The new changing rooms at Cow Spring
Strictly speaking, Cow Spring (located near Peacock Springs State Park in Luraville, Florida) is not a spring at all. It is really an in-line sinkhole which provides diver access to an underground river, that surfaces for the last time at nearby Running Spring.
Cow Spring is an incredibility beautiful system and today it is owned by the NSS-CDS. It is open only to NSS-CDS members and their guests. No open water divers are allowed to access this site.
A couple of weeks ago, a number of volunteers gave up their Saturday and built some great changing rooms. This is a useful improvement to a neat cave diving site. We can't wait to use it when we are back in Florida.
If you would like to see photos of the whole build, click here.
No, not Paul. Renowned maritime historian, archaeologist and technical diver Dr Innes McCartney will be speaking in Liverpool on Saturday 9th May.
Respected submarine historian, Dr Innes McCartney
Dr McCartney is known for his discovery and archaeological research into shipwrecks including the wrecks of the Battle of Jutland, 1916 and many British and German submarine wrecks. He has contributed to shipwreck documentaries, such as Time Team Special, Deep Wreck Mysteries and Wreck Detectives series. In addition Innes McCartney used archaeological research to identify 40 new German submarine wrecks in the waters around the UK and Ireland, such as the rubbercoated U480.
He initially became interested in shipwreck archaeology when he learned to dive in 1989. In 1994 Innes McCartney became one of Britain's first Trimix-certified scuba divers and 1998 became the first person to have dived on the three great liner wrecks, SS Andrea Doria, RMS Lusitania and HMHS Britannic. Innes has always been fascinated by submarines, and in 1999 he discovered the 12-inch-gunned submarine HMS M1 off Start Point in the English Channel.
Over the past two decades Innes has focused on researching and locating lost historic shipwrecks and finding innovative methods to interpret his fieldwork.
On Saturday 9th May, Innes will be discussing key aspects of the first U-boat war and exploring some of the U-boat wrecks as they are seen today.
This free event is being hosted at the Merseyside Maritime Museum.
Joe Cocozza (sat to the left) interviews Dr Simon Mitchell on pre breathing a rebreather
In July last year I wrote a LinkedIn blog calling for Auckland based divers to take part in a rebreather study that was being conducted by Dr Simon Mitchell and Dr Neal Pollock.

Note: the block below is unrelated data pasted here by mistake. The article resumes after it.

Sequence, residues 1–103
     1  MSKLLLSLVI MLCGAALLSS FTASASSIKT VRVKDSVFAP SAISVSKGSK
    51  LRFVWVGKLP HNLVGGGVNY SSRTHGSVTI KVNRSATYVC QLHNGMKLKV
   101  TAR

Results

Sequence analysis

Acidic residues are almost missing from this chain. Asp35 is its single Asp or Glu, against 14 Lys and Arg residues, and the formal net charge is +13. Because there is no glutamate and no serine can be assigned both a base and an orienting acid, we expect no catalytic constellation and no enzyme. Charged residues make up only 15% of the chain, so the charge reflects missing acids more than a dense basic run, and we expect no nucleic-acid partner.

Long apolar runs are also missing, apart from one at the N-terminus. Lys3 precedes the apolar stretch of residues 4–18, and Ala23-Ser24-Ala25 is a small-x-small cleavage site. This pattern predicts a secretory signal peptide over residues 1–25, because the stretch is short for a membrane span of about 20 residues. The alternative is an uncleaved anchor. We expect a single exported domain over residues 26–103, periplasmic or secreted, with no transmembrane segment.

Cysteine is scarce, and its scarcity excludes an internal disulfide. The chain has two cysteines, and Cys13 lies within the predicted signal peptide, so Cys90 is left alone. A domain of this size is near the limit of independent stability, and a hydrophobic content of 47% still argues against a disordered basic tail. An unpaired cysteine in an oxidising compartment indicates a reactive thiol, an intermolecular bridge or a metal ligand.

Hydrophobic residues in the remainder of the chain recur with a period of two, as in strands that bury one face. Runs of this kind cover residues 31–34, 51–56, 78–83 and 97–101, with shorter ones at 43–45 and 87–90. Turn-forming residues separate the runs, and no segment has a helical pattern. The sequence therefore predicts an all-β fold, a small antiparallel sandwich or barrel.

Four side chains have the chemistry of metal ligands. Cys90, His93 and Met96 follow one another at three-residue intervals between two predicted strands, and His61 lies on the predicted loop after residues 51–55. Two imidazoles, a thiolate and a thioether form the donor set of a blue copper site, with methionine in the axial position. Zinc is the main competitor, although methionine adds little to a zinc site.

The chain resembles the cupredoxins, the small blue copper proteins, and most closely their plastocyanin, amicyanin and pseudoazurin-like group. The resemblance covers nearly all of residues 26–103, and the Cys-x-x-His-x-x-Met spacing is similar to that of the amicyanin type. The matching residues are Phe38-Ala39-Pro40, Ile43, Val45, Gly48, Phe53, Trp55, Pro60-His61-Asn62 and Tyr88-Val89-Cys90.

The results of this useful research were first unveiled to the world in September 2014 at EUROTEK, the European Advanced Diving Conference. Dr Simon Mitchell presented 'The Five Minute Prebreathe: Sensitive Test For CO2 Scrubber Problems Or A Waste Of Time' to a packed hall of international delegates.
Since then there is some mixed messaging about should rebreather divers do a prebreathe? Or is it just a waste of time? If you didn't attend either EUROTEK or OZTek and hear Simon Mitchell's talk, what should you be doing?
Joe Cocozza of Pod Diver Radio interviewed Dr Simon Mitchell at this year's Beneath The Sea show about this hot topic.
During the interview Dr Mitchell stated, "this study has been mis-interpreted by some people to suggest that the prebreathe is completely useless. We are not staying that. We absolutely believe that a prebreathe should be still be done for the other reasons. Checking the loop function is correct, adding oxygen and maintaining a set point. These are all critical things.
What we are saying is that you should not do a five minute prebreathe in the expectation that it will reveal any carbon dioxide problems. Or put it another way, if your five minute prebreathe is ok or appears ok from a CO2 point of view you cannot rely on that. That is the point we are making. Of course you should always do a prebreathe."
To hear this interview in full, click here.
#ThrowBackThursday. Spring 2000 to be exact. Although Helium analysers are considered standard equipment by advanced and technical divers today, they were not always the norm. In fact until the turn of the century the only way to confirm the amount of Helium in your mix was to conduct a gas spectrometer test in a lab.
The game changer - a Helium analyser you could use in the field - was launched by Dive Rite at the January 2000 DEMA Show in Las Vegas.
Above you will find a scan of an article reporting this useful news in Issue 3, Volume 2 of 990 Magazine.
If you would like to read this edition of 990 in full, click here, and download your copy of this much missed and respected diving magazine.